CHEYENNE – Concern over Congress privatizing Veterans Affairs health-care services led local union members and military veterans to protest near Cheyenne’s VA Medical Center Wednesday morning.
A couple dozen people stood on either side of Pershing Boulevard near the roundabout at Converse Avenue beginning at about 7 a.m.
They waved small American flags and held blue signs with gold lettering that read, “Veterans for a Strong VA,” “Staff the VA” and “VA Workers for a Strong VA.”
“Any level of privatization they’re trying to do … really isn’t that smart,” said Glen Massan, the first vice president of American Federation of Government Employees Local 1014.
Massan, an Air Force veteran who uses the Cheyenne VA, said the VA is specially designed to deal with issues military personnel face, like post-traumatic stress disorder.
“The VA is specifically suited to take care of these people,” he said.
If the system is privatized, he said, there is concern that level of care will be lost.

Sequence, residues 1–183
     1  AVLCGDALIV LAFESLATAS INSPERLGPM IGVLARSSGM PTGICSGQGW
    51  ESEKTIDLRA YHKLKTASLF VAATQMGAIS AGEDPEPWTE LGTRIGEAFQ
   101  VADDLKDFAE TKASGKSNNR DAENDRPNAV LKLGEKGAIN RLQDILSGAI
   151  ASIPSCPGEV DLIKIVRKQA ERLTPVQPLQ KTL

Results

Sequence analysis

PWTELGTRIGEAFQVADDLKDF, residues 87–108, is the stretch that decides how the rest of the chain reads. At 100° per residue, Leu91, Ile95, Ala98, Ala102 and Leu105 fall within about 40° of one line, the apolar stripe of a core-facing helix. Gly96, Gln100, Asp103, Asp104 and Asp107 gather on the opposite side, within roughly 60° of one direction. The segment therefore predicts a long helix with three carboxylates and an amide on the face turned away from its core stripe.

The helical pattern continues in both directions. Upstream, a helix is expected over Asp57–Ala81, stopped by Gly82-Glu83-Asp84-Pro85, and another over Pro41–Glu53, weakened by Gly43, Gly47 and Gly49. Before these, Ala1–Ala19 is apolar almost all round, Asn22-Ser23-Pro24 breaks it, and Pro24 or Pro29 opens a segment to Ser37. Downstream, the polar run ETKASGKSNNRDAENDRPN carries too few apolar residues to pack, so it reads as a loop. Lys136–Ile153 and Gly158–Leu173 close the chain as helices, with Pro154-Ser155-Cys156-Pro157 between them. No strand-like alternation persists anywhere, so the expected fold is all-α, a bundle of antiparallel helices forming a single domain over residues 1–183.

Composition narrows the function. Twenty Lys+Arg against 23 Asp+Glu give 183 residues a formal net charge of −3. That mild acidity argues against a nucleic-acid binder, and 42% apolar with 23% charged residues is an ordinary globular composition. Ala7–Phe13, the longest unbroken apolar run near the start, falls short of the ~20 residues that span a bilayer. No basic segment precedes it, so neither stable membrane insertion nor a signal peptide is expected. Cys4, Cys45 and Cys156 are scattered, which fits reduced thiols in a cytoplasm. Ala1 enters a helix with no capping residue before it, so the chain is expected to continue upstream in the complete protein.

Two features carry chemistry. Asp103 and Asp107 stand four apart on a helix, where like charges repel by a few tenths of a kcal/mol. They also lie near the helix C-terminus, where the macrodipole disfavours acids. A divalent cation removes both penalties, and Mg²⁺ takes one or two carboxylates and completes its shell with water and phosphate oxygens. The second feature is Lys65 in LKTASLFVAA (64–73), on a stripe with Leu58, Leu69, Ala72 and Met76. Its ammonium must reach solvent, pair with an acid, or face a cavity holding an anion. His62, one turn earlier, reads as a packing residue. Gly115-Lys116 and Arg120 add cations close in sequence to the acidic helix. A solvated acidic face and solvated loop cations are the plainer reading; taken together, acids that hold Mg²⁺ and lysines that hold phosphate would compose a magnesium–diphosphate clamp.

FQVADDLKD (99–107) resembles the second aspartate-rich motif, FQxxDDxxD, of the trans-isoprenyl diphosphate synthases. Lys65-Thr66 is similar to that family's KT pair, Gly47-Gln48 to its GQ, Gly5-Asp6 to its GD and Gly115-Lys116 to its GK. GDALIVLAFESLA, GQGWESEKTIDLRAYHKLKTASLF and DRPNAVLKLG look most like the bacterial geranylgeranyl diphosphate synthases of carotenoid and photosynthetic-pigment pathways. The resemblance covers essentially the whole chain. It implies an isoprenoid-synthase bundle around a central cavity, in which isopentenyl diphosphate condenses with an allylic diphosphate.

Further, Massan said there is concern that portability, or the ability for military veterans to use VA facilities nationwide, could disappear.
Talk of privatizing VA medical services has come up at the federal level through the years, including this year.
The Commission on Care, a panel created by Congress to analyze the services provided by the VA, has been studying the issue for several months – including privatization.
The panel issued its final report Tuesday, which recommended overhauling the VA system and expanding access to private health care, but not full privatization, according to the Federal Times and the Wall Street Journal.
The national American Federation of Government Employees is opposed to privatization, and the protest in Cheyenne was part of a national effort led by the union.
Glen Chavez, who helps lead Cheyenne AIM (Appreciates Its Military), assisted with organizing the protest.
“We made a promise to our vets, we’re going to take care of them,” he said. “Our promise to them is they’re going to have a place to go.”
Chavez also said care for military veterans should not be operated by corporations.
“They’re not supposed to make a profit off this,” he said.